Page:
In Whiteout: How Canada Cancels Blackness, his new and essential collection of essays, George Elliott Clarke exposes the various ways in which the Canadian imagination demonizes, excludes, and oppresses Blackness. Clarke’s range is extraordinary: he canvasses African-Canadian writers who have tracked Black invisibility, highlights the racist bias of true crime writing, reveals the whitewashing of African-Canadian perspectives in universities, and excoriates the political failure to reckon with the tragedy of Africville, the once-thriving, “Africadian” community whose last home was razed in 1970.

For Clarke, Canada’s relentless celebration of itself as a site of “multicultural humanitarianism” has blinded White leaders and citizens to the country’s many crimes, at home and abroad, thus blacking out the historical record. These essays yield an alternate history of Canada, a corrective revision that Clarke describes as “inking words on snow, evanescent and ephemeral.”

Press

On Infinity Network:

"From selfhood to self-consumption, gunfire to the ‘black gasp suck(ing) back into the gun,’ the poems in Infinity Network

On Black and Blue:


On Mother Muse:


On Hotline:
“Nasrallah’s fourth novel, it takes his work to a new level of sophistication and constitutes a significant addition to the literary chronicling of the Canadian immigrant experience.” – Ian McGillis, Montreal Gazette

News

SEPTEMBER NEWSLETTER (click for link)
Hotline is nominated for the Giller Prize! David Homel's novel A House Without Spirits launches Sept 29! And Letters From Montreal is now available!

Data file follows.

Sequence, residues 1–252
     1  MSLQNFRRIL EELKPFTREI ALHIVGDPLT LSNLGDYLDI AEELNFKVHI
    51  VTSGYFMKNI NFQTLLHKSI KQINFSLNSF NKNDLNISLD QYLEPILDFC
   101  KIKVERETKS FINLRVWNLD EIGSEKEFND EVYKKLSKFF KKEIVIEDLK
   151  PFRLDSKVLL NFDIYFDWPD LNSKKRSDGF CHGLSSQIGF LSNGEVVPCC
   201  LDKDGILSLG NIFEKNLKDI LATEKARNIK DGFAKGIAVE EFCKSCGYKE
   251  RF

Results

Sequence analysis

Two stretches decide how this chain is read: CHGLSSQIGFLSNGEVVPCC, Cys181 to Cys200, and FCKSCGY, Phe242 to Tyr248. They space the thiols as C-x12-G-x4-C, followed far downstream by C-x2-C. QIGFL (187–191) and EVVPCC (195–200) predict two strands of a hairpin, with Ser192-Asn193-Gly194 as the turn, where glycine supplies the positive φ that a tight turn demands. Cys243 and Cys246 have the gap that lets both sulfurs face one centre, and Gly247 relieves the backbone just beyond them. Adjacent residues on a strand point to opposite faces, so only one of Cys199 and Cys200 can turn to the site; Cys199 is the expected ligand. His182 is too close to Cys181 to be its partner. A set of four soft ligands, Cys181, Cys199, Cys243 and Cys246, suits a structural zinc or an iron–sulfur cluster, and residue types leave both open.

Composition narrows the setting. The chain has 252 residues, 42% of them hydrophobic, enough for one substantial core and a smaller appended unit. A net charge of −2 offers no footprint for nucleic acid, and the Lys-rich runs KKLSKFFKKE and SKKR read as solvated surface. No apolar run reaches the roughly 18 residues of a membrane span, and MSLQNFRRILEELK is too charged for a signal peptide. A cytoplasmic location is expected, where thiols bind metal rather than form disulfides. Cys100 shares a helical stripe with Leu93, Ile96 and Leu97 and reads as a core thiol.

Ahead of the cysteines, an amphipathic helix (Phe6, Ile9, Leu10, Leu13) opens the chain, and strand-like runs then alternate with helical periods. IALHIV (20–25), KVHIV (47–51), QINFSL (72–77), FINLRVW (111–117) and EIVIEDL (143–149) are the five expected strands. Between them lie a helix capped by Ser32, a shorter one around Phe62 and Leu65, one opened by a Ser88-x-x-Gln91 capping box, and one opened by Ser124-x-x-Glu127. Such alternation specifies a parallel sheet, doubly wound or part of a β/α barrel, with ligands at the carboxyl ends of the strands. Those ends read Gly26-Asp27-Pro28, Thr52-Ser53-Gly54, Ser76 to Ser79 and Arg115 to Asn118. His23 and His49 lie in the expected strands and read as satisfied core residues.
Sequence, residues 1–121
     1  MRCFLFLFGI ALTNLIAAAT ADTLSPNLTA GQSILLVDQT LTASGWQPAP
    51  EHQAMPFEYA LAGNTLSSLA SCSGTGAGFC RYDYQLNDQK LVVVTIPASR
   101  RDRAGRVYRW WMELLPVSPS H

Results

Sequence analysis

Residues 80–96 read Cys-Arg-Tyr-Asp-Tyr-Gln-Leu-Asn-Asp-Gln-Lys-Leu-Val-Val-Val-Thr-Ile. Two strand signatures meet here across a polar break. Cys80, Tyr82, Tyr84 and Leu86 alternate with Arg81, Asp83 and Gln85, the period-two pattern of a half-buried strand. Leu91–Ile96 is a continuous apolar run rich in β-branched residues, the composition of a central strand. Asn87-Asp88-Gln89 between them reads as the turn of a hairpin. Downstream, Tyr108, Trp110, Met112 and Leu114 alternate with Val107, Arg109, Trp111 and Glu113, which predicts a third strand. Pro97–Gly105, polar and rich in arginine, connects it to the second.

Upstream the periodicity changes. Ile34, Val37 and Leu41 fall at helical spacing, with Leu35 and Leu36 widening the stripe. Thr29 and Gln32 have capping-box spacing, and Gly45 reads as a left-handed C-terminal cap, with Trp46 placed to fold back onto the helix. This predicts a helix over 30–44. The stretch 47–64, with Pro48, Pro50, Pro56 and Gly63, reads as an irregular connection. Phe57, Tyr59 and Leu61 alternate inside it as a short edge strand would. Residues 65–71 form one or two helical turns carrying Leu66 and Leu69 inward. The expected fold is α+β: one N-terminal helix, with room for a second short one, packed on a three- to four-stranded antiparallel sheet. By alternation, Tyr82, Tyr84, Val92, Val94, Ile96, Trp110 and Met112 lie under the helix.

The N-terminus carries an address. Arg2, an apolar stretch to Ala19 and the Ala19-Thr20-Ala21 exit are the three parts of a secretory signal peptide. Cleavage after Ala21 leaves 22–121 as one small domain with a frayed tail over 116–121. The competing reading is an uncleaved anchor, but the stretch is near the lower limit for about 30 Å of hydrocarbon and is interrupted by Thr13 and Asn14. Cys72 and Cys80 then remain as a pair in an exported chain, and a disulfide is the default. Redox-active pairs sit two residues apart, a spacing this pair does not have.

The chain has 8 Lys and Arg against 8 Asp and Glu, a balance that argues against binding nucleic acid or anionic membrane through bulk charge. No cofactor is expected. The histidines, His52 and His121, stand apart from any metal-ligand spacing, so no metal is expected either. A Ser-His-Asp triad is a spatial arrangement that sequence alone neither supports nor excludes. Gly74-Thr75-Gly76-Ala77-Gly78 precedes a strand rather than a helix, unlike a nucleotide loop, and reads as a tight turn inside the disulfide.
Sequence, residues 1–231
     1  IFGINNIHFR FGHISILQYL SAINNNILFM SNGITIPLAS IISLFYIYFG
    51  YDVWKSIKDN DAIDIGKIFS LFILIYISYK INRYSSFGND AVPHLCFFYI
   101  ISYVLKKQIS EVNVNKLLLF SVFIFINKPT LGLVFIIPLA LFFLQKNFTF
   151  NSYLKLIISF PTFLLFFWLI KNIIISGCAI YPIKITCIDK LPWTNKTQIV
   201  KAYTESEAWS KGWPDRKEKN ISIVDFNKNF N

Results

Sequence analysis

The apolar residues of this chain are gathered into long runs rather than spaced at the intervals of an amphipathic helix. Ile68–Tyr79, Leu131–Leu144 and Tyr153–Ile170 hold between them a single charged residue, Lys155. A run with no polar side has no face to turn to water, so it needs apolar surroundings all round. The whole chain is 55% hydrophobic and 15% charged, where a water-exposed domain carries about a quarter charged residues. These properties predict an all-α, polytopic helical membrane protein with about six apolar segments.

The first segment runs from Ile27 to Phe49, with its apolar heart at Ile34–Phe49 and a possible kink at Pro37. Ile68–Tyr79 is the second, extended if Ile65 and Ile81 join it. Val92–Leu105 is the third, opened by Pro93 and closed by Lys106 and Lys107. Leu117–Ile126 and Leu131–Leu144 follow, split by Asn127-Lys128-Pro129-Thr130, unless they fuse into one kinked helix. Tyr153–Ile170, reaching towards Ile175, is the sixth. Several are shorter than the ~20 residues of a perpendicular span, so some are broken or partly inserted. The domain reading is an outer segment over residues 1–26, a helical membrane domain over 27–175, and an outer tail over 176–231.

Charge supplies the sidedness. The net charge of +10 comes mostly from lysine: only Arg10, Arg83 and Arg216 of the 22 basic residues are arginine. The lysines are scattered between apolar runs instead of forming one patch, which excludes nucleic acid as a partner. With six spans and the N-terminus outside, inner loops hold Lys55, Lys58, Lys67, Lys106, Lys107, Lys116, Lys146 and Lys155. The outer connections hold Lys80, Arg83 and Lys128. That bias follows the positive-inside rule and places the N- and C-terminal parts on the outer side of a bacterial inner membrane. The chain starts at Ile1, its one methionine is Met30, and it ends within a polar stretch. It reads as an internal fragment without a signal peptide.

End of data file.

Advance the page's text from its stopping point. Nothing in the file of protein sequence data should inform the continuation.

JULY NEWSLETTER (click for link)
A sneak peek at James Pollock's Durable Goods! New summer Ricochet Bundle! All Lit Up picks After Realism! Jaspreet Singh wins the City of Calgary W.O. Mitchell Book Prize for My Mother, My Translator!

JUNE NEWSLETTER (click for link)
Writers Unbound returns to MATv! Lorna Goodison launches Mother Muse! Baharan Baniahmadi launches Prophetess! And The Walrus reviews Hotline!

MAY NEWSLETTER (click for link)
Jaspreet Singh launches My Mother, My Translator at The Word! Baharan Baniahmadi launches Prophetessat Argo, hosted by Jacob Wren! Plus our Fall catalogue and more!APRIL NEWSLETTER (click for link)
On April 19 Jim Johnstone launches Infinity Network! Then in May, After Realism launches in Toronto and Montreal. Plus award nominations, reviews, events, and more!
Discover

Click here to see Kaie Kellough read from his QWF Paragraphe Hugh MacLennan Award winning book Dominoes at the Crossroads

Click here to listen to Rosalind Pepall's interview on CBC's All in a Weekend about Talking to a Portrait: Tales of an Art Curator.

In Periodicities’ fifth series of videos, Sadiqa de Meijer reads a few poems from her new book, The Outer Wards. Click here

Read “The Silence of A.M. Klein,” an incisive essay by our editor Carmine Starnino in the April issue of The New Criterion.



SODEC, Québec  Canada Council for the Arts Canadian Heritage
The Canada Council
Véhicule Press acknowledges the generous support of its publishing program from the Book Publishing Industry Development Program of the Department of Canadian Heritage, The Canada Council for the Arts, and the Société de développement des entreprises culturelles du Québec (SODEC).